The battle between Democrat Kyrsten Sinema and Republican Vernon Parker over Arizona’s new 9th Congressional District will be close.
That’s about where most predictions begin and end.
But while the outcome remains a toss-up, recently released primary election data can offer clues to the tactics that each campaign may employ to try to win the race.
Like a summer monsoon that barely whispers a warning before unleashing a downpour, the fight over the solidly Democratic, though culturally diverse, Legislative District 30 has erupted in recent weeks.
Fierce back-and-forth attacks between Democratic Sen. Robert Meza and his challenger, longtime Hispanic-community activist Raquel Téran, both Phoenix residents, have become a weekly occurrence and range from petty to severe.
Meza claims Téran has been illegally coordinating with unions, the Democratic Party and outside political groups, and even says one of her volunteers raised Meza’s sexuality while canvassing, which Meza said is completely inappropriate. Meza is openly gay.
Meanwhile Téran says Meza has harassed her volunteers. One Democratic activist, who doesn’t live in LD30 and who said she is not connected to Téran but prefers her in the race, has requested a probe into whether Meza has been illegally pocketing campaign cash over … Read More »
While the first round of campaign finance reports paints a limited picture of the closely watched primary race between former Sen. Russell Pearce and his Republican challenger, one thing is clear: Newcomer Bob Worsley is getting the hometown support, while the former Senate president is left wanting.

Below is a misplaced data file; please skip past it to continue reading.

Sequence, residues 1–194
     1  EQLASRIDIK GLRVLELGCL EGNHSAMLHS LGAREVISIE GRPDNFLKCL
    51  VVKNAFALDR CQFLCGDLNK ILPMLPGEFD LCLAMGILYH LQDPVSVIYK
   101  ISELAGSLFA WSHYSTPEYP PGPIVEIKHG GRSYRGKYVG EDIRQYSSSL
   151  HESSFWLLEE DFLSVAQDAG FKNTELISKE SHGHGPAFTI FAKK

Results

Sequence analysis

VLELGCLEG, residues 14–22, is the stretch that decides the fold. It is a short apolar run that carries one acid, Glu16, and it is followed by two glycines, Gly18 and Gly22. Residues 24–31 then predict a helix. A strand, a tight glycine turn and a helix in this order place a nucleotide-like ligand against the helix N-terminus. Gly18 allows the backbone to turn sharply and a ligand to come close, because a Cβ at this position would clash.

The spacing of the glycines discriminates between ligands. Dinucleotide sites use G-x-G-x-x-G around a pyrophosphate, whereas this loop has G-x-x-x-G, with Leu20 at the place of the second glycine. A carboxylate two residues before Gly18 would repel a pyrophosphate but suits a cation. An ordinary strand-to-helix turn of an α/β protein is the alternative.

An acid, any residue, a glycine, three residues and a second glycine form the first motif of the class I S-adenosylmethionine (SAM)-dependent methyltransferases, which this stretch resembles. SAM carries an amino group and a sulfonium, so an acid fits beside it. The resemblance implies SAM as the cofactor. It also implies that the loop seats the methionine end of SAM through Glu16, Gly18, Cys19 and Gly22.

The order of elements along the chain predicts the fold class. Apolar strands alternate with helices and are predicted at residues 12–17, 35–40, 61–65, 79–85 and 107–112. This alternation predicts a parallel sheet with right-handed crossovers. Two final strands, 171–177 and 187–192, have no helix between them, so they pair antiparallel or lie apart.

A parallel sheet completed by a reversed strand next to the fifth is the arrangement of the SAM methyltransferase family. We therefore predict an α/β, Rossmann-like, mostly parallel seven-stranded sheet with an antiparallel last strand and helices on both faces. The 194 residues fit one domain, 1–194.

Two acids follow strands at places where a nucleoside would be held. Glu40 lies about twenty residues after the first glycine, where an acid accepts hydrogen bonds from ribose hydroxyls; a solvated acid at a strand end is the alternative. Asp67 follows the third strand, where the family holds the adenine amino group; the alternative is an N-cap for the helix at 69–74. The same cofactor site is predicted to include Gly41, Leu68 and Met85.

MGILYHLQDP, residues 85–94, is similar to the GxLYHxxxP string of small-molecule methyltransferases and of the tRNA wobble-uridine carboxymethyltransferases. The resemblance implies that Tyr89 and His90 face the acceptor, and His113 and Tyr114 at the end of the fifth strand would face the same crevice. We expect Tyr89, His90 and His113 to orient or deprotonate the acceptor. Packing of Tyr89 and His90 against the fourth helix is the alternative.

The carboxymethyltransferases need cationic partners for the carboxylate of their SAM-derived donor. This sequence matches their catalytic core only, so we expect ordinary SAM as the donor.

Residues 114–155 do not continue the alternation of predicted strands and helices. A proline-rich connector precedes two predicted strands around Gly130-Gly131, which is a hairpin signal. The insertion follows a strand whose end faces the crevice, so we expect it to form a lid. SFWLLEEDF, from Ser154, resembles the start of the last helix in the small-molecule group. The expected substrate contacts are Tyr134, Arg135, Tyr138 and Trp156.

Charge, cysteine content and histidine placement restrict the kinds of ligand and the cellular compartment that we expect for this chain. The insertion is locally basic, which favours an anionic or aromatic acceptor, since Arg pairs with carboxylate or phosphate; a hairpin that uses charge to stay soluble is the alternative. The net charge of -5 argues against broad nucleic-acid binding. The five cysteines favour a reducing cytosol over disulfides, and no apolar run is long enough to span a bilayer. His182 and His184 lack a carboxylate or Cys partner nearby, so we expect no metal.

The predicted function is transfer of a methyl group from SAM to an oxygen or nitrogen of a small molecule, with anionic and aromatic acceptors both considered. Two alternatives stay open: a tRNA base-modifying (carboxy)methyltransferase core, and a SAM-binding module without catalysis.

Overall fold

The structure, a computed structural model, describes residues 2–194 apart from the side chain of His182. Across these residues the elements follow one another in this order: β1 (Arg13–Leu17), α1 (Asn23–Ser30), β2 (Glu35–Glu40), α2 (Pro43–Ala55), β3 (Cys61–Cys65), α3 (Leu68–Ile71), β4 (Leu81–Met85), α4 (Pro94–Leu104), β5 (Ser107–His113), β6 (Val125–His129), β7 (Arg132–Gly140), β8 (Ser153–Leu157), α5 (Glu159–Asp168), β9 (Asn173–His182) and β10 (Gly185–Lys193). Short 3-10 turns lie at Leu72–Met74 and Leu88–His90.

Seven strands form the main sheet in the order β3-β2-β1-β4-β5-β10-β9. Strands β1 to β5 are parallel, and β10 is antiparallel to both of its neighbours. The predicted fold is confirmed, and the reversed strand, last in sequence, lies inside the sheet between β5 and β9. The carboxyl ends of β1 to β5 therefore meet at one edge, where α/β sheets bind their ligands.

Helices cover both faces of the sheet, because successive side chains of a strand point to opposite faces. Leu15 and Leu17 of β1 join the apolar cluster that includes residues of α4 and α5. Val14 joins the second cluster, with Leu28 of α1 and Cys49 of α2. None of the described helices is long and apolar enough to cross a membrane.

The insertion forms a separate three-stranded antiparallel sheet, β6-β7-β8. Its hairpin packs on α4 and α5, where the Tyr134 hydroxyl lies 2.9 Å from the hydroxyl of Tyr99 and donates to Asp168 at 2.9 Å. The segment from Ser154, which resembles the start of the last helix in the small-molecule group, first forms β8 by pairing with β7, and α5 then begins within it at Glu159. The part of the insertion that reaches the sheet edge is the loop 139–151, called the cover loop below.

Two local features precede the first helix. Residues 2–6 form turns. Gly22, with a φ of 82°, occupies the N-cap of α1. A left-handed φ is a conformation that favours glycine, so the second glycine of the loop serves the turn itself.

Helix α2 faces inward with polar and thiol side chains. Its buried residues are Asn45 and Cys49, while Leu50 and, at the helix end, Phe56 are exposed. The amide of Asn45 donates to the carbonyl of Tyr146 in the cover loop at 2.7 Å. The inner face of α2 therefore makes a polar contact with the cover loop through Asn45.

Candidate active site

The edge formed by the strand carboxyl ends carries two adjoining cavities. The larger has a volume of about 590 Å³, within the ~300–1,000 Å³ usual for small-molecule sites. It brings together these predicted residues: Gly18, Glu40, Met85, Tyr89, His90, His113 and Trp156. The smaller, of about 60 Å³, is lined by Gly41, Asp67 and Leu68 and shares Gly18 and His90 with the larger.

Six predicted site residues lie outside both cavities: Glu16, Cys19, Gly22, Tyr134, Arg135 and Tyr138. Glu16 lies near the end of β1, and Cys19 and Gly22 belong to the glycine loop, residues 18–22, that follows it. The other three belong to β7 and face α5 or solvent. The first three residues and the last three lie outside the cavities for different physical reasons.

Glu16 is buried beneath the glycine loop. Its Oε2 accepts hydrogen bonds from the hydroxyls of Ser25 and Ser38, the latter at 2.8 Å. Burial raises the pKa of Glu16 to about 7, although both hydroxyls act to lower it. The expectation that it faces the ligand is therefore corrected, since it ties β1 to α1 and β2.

An inspection of contributions made to each from within the Southeast Valley district shows Worsley besting Pearce by a margin of 25-to-one. When all contributions are counted, Worsley holds a six-to-one margin.
Worsley has received $16,890 in individual and political committee contributions since announcing his candidacy in March of this year. Of the $16,655 that can be traced to the contributors’ address, $7,495, or about 45 percent, comes from inside LD25, while $9,160, or about 55 percent, comes from outside LD25, mostly from Gilbert, Phoenix and Scottsdale.
Meanwhile, Pearce received $2,585 in contributions between February and … Read More »
The race to fill the open congressional seat in Arizona’s sprawling 1st Congressional District has become an expensive one, with nearly all of the money coming from elsewhere.
Democratic former Rep. Ann Kirkpatrick has raised more than $1.3 million since launching her campaign to regain the seat she lost in 2010.
And Republican Jonathan Paton has collected $543,000.
But a closer inspection of their campaign finance reports reveals that only a small slice of their swollen war chests has come from within the district those candidates hope to represent.
Of the campaigns’ itemized contributions, which track those greater than $200, only 1 percent of Paton’s contributions — and only 10 percent of Kirkpatrick’s — comes from inside the expansive rural district.
The low median income in CD1, particularly among the Native American communities that comprise a quarter of the district’s population — and the fact … Read More »
Arizona House Minority Leader Chad Campbell and Amy Love, Legislative Liaison at the Arizona Supreme Court, are the 2012 Best of the Capitol Best Hair award winners. Watch as the two get ready for the 2012 Arizona Capitol Times Best of the Capitol Awards Ceremony
For nearly a decade now, Arizona politics has been defined by the struggle to stop illegal immigration.